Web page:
All of these factors are likely to increase the number of fires in the world’s largest rainforest in 2020. More fires will likely mean a spike in patients who need treatment for respiratory problems, which in turn could swamp hospitals in the Brazilian Amazon. Many are already operating near capacity, their beds filled with COVID-19 patients, as well as people who have come down with seasonal malaria and dengue fever, a mosquito-borne illness that has reached epidemic proportions across the Amazon, said Marcia Castro, a professor of demography at Harvard University.
“We see a system that is overloaded,” Castro said. “They cannot possibly take all the patients that need hospitalization.”
Given the novelty of COVID-19, Fineberg said it’s difficult to say just how much the air pollution from fires could make cases of the disease worse. Still, he added, “The directionality is pretty clear.”
He pointed to an early study suggesting that a particulate increase of one part per million could translate into an 8% jump in COVID-19 deaths. It’s difficult to say how that correlation will hold up to further scrutiny, Fineberg said, “But the abundant evidence over many years about the relationship between particulate matter in the environment and excess mortality is very, very well established.”
The unknowns of the pandemic aside, the researchers agreed that tested solutions exist to snuff out the possibility of future fires. The study by DeFries and her colleagues, published in the journal GeoHealth in 2019 before the outbreak of COVID-19, projects that restoring Indonesia’s peatland ecosystems could cut the loss of life due to fires by as much as two-thirds.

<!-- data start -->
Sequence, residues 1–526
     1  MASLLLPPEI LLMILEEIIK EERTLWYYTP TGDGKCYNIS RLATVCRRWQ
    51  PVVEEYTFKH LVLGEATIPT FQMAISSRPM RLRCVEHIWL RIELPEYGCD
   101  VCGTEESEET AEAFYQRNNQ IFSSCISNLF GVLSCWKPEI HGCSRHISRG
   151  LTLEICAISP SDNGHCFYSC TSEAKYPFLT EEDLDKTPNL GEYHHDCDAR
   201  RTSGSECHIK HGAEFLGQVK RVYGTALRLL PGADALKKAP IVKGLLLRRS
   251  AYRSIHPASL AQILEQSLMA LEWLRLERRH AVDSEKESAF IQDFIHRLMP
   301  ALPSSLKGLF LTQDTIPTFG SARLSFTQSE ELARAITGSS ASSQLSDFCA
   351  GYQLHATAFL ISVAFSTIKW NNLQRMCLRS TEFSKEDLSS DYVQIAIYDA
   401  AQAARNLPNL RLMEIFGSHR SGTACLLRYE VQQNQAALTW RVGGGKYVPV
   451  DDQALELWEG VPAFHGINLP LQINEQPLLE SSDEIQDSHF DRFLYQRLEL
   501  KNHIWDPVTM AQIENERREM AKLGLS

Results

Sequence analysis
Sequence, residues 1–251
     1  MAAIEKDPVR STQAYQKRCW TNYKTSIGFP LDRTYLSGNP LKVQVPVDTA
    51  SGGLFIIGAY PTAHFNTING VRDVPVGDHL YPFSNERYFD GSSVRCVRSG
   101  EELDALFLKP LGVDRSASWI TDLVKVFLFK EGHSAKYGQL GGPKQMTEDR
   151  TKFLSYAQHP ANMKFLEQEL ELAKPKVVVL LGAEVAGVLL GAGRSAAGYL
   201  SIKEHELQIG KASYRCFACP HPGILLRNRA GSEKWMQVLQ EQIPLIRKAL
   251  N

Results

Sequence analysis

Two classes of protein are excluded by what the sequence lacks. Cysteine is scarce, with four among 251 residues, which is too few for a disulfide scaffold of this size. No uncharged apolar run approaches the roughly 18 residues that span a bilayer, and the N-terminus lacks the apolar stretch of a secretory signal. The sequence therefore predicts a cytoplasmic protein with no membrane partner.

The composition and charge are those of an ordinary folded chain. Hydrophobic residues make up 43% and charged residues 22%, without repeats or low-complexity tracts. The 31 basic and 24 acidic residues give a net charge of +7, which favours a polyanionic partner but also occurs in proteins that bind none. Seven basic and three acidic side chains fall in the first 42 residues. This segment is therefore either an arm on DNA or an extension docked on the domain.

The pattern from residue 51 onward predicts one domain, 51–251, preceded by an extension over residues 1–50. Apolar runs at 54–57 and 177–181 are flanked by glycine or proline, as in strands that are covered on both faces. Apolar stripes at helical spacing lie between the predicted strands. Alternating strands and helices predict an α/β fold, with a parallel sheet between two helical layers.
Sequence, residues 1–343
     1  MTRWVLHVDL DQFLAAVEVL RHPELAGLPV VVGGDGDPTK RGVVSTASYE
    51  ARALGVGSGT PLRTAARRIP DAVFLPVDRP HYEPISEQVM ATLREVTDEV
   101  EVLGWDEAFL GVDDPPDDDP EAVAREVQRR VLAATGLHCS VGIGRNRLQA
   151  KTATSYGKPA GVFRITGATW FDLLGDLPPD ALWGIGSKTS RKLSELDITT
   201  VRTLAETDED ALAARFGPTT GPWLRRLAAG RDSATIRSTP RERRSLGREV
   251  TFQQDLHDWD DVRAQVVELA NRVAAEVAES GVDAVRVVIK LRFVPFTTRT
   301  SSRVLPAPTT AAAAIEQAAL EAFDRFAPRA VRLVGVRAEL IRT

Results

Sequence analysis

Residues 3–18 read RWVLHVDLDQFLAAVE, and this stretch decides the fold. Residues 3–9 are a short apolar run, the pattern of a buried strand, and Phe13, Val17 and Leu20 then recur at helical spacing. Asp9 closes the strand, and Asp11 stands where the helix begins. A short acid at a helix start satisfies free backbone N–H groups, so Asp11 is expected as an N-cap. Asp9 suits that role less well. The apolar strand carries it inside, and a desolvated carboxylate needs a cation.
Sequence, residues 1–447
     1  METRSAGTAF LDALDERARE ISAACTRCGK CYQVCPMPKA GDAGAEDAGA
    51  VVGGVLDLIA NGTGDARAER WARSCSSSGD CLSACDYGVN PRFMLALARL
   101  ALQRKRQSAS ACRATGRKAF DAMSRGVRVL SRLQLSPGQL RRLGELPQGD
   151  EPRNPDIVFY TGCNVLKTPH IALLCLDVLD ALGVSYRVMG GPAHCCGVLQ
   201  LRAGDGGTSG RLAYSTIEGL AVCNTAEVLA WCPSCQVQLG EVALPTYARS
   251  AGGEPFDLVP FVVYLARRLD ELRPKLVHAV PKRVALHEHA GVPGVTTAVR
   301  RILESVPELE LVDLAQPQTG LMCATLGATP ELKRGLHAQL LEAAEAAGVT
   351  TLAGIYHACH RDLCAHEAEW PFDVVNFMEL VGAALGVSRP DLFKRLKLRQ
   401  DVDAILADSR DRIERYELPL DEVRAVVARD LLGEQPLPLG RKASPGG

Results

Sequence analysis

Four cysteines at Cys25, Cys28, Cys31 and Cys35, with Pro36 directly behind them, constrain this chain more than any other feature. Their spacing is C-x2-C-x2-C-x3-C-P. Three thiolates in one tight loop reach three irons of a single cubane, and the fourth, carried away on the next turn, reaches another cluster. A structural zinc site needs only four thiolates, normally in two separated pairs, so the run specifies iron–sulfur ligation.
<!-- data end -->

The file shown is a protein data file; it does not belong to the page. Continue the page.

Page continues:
DeFries also pointed to policies in Malaysia involving grinding up biomass that’s been cut down. It’s “more expensive and requires mechanization,” she added, “but there’s not fire associated with that.”
Not only do the reductions in deforestation ultimately spare the lives of those with respiratory illnesses and other complicating factors such as heart disease who might succumb to the effects of the fires. Lower deforestation rates also mean that less of the population will be exposed to diseases like malaria and dengue, as well as untold zoonotic diseases that have yet to spill over from their animal hosts to humans, as a result of carving up the rainforest, Castro said.
More recently, as the furor over the Amazonian fires rose to a fever pitch in North America and Europe in 2019, the Brazilian government responded by sending the military into the Amazon to protect forests and fight fires. The result in October 2019 was one of the lowest months for fire alerts in recent memory, Alencar said.
“We know how to do it, and we can do it again,” she said. “We only need really political will.”
Banner image of peat forest being burned for a new oil palm plantation by Rhett A. Butler/Mongabay.
John Cannon is a staff features writer with Mongabay. Find him on Twitter: @johnccannon
Marlier, M. E., Liu, T., Yu, K., Buonocore, J. J., Koplitz, S. N., DeFries, R. S., … Myers, S. S. (2019). Fires, smoke exposure, and public health: An integrative framework to maximize health benefits from peatland restoration. GeoHealth, 3(7), 178-189. doi:10.1029/2019gh000191